After 10 sessions in the past five years, the nearly 700 total participants in the Healthy Charleston Challenge will celebrate a milestone this week: surpassing the 20,000-pounds-lost mark.
Think about that a second. That's 10 tons of weight, or almost as much weight as an empty tractor-trailer truck or full-size school bus.
But for Janis Newton, the force behind the challenge at the Medical University of South Carolina Wellness Center, the success of the home-grown program is not measured in the pounds lost.
“It's in what they've gained,” says Newton. “They've changed the way they are living their lives. And as a result, many of them have managed to get off medications they were taking. ... When I look at 20,000 (pounds lost), it represents all the numbers that have changed for the better.”
As the United States struggles with health care costs, it's an accomplishment we should all cheer about. It's simple. A leaner populace means a healthier one, which equates to less money spent on health care.
Newton estimates that the average person saves $25-$50 a month from prescription drugs they no longer have to buy, most notably for high cholesterol and high blood pressure.
And if the numbers don't impress you, the Healthy Charleston Challenge recently was selected by Club Industry as the Best Behavior Modification Program in the nation. Newton will accept the award at a ceremony in Las Vegas next month.
The title of that award gets at the root of what HCC goes for: comprehensive behavior modification.
The challenge, which lasts 12 weeks and includes weekly weigh-ins and a team weight loss competition, is not just a workout or weight loss program. It pinpoints the fact that many Americans who can't shed the weight have an addiction to food that is similar in nature to narcotics.
“We're strict,” says Newton. “We treat the program like drug and alcohol rehabilitation.”
Nutrition counseling — learning to make smart food choices and creating a strong defense against bad ones — is a cornerstone of the program, as is daily exercise, three team workouts per week, the weekly weigh-ins and contest, and resulting camaraderie.
The sustained success is proven, Newton says, because 67 percent have continued to maintain weight loss or continued it a year after their session has ended.
For many, it's a life-changing experience that causes participants to return as mentors or speakers. Newton says a whopping 82 percent continue to have some connection to the challenge after completing a session.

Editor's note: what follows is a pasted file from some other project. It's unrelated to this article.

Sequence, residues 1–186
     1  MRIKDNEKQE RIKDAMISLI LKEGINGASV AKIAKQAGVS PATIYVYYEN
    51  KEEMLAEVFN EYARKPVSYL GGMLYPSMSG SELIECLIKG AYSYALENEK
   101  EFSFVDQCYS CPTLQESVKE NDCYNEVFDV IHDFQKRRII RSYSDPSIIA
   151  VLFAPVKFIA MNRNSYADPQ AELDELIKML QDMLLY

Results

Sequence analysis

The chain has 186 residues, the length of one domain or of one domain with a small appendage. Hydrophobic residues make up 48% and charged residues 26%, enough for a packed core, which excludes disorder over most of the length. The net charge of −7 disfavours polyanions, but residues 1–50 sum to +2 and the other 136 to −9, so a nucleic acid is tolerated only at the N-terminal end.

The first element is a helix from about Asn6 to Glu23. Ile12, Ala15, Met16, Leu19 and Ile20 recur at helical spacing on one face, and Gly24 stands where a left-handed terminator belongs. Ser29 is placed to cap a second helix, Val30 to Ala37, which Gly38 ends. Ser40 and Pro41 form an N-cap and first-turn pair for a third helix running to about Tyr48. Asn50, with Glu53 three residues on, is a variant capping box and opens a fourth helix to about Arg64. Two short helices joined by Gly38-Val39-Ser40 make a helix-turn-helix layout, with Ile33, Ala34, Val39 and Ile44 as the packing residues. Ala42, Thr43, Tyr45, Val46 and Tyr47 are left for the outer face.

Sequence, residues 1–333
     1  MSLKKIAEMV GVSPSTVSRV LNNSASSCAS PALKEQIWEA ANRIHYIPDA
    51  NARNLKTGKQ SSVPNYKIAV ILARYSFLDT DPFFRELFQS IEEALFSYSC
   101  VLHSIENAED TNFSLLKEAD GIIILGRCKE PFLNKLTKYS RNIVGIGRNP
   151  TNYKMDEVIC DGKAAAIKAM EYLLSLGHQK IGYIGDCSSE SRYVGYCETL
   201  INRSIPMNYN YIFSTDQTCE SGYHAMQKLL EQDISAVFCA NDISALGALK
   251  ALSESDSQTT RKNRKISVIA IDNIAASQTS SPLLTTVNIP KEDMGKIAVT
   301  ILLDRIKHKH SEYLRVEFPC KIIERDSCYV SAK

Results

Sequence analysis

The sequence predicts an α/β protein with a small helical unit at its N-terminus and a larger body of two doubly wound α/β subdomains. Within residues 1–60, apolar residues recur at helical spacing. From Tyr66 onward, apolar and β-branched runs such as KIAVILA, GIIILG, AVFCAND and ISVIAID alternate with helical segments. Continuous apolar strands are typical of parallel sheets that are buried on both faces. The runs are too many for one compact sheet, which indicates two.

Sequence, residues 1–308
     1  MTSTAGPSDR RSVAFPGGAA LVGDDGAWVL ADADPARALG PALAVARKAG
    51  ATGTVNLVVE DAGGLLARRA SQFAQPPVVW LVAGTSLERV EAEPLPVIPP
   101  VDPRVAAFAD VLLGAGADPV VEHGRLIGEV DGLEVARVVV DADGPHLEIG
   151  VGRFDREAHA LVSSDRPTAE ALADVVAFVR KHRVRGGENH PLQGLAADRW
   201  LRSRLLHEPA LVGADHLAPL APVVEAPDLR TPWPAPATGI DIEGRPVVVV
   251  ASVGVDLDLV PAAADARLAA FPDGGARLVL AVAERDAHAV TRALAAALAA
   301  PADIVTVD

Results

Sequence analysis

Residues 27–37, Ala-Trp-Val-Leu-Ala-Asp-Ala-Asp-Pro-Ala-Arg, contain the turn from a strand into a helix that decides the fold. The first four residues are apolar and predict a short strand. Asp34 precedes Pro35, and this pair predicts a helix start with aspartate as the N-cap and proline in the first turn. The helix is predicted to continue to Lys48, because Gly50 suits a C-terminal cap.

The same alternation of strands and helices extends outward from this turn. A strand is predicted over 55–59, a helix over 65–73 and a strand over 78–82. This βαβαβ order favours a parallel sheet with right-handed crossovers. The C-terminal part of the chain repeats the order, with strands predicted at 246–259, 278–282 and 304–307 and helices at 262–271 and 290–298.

Among them is Stephanie Robinson, a 34-year-old stay-at-home mom who lives in West Ashley. Robinson took part in Healthy Charleston Challenge last fall and is a mentor for the current session.
“Before I got involved with Healthy Charleston Challenge, I tried every diet in the book. I'd lose 10, 15 or 20 pounds and then gain it all back, plus five,” says Robinson. “Healthy Charleston Challenge pulled everything together and made it stick.”
She noted that it taught her to stop “mindless eating,” such as in front of the TV or by stopping at fast-food restaurants on a routine basis.
While Robinson declined to give her weight now, she says she lost 60 pounds and improved her health so much that her doctor took her off medications for high cholesterol, high blood pressure and Type 2 diabetes. Her doctor used to consider her a heart attack risk, but no longer does.
Robinson rediscovered a love of dancing by taking a Zumba class at the suggestion of her Healthy Charleston Challenge mentor and got certified to teach it earlier this year.
“I would have never stepped in that first Zumba class without HCC because I would have never thought I could keep up,” says Robinson. “There's no going back to the way I was. This (living a healthy lifestyle) is something I'll do the rest of my life, in part, because I don't believe there's an end to it or an actual 'after' shot (photo).”
And yet for the nutrition counselors and trainers involved with Healthy Charleston Challenge, their work will not end when the 10th session ends Nov. 15.
Applications for the winter 2013 session, which starts Jan. 10, are expected to be posted on www.musc.edu/hsc sometime this week.
Reach David Quick at 937-5516 or firstname.lastname@example.org.